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Old 10-23-22, 02:11 PM   #1
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Default Damage control tips?

I’ve been playing U-boat since its release and I’m currently pretty happy where the game is currently, but I’m horrible at damage control. It would seem that the current issues that I have are knowing when to abandon a non critical space before it’s too late as well as managing the crew ai to not use up all of my spare parts on non critical issues. Right now the ai crewman will not prioritize leaks over other issues. Does anybody have any tips?
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Old 10-26-22, 12:24 AM   #2
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When you take damage, your best friend is "pause"

especially if there is a lot of damage.

Press the space bar, pause the game, and take a moment to take stock of your situation, you can use this time to assign officers to prioritize certain repairs over others while paused and they will address the repairs you directed them to when you unpause.

When they finish said repair, if you want to transition the officer to another high priority repair, pause it again, assign him to it and unpause the game. rinse, wash repeat.

another recommendation i have is to set the damage difficulty to medium, not hard. The game tooltip text even suggests doing this with the disclaimer that damage difficulty is subjective because simple things like a leaking toilet have sunk a boat, while others seem to return to port with impossibly horrific battle damage. so, to find a happy medium, they suggest setting damage difficulty to just that. on the hardest setting, torpedo hatches, tubes, escape hatches etc will all randomly take water when you are over 160m depth... while this adds to the challenge, on "hard" it happens with disturbing frequency, it consumes spare parts, it contributes too much to flooding the boat and its just being a jerk for the sake of you asking it to be a jerk... set this to medium and do yourself a favor. these hatches will still randomly leak and require repair when you're deep, but with much less frequency.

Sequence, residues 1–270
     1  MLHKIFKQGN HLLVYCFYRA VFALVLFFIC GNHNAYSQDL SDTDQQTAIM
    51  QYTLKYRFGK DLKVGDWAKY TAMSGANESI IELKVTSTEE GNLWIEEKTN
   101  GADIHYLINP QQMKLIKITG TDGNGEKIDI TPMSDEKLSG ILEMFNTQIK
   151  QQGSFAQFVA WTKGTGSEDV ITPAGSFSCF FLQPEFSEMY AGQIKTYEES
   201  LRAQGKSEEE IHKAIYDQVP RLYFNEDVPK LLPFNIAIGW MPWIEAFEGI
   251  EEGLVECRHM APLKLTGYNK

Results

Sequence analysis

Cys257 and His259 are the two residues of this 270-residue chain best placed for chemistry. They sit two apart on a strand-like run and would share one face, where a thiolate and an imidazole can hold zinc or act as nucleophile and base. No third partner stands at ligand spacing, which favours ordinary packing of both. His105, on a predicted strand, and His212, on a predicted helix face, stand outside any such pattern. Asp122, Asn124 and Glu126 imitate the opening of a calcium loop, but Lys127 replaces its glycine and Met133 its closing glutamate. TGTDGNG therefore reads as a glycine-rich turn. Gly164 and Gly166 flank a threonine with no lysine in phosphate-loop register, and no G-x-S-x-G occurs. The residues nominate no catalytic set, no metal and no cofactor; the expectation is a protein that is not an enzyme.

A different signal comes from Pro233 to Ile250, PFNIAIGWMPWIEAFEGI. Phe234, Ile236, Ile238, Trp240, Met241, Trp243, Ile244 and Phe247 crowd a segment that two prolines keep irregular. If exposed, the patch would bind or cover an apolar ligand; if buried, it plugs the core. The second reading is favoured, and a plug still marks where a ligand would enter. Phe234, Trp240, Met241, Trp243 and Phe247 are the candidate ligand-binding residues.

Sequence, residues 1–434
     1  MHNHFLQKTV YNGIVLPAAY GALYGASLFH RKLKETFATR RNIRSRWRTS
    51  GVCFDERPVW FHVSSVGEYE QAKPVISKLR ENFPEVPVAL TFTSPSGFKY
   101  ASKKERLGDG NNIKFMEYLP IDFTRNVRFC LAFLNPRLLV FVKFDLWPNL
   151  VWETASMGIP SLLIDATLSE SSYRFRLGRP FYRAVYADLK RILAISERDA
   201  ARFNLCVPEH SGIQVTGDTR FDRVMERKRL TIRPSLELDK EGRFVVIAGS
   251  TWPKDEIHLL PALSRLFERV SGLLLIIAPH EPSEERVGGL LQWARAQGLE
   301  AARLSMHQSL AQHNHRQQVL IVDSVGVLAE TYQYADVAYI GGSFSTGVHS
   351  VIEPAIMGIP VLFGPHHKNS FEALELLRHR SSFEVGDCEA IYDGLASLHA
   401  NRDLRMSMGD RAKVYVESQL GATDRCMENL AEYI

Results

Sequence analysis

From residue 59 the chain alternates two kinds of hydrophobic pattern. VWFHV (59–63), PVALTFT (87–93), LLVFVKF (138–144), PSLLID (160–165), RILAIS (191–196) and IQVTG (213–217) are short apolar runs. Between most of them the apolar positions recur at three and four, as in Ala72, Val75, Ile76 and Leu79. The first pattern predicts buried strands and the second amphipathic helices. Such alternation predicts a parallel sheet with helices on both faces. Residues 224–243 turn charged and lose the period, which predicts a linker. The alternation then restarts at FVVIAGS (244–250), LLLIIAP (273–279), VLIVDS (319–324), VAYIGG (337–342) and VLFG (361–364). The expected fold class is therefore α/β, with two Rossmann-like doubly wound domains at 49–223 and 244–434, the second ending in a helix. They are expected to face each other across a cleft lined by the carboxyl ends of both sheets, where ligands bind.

In Uboat... damage control is the name of the game. In the current version, during an alarm, officers that are not otherwise assigned to other duties will be on damage control from the command room by default. If you assign that officer one sailor, that sailor will roam the boat, clip board in hand and inspect the boat for any existing damage and be on the alert for new damage. If you assign the officer two sailors, they will cover multiple compartments. It is best to at least have two officers assigned to damage control, with two sailors each during an alarm - this will substantially increase the reaction time to damage.

Be prepared for damage. Every officer aboard that is an engineer or mechanic should have two things on him at all times, (1) a rebreather (2) not less than 5 spare parts. This way he *immediately* can access damaged areas and start repairs... *without* having to run to aft storage for spare parts, then run to forward storage for a rebreather, then to the damaged compartment to start working... save the time and the running around and equip each officer with this stuff before you leave port. (do the same with your medical officers and medkits. be sure they have them "in their pocket" this will prevent them having to go get it in the event someone is injured and they can start healing them right away)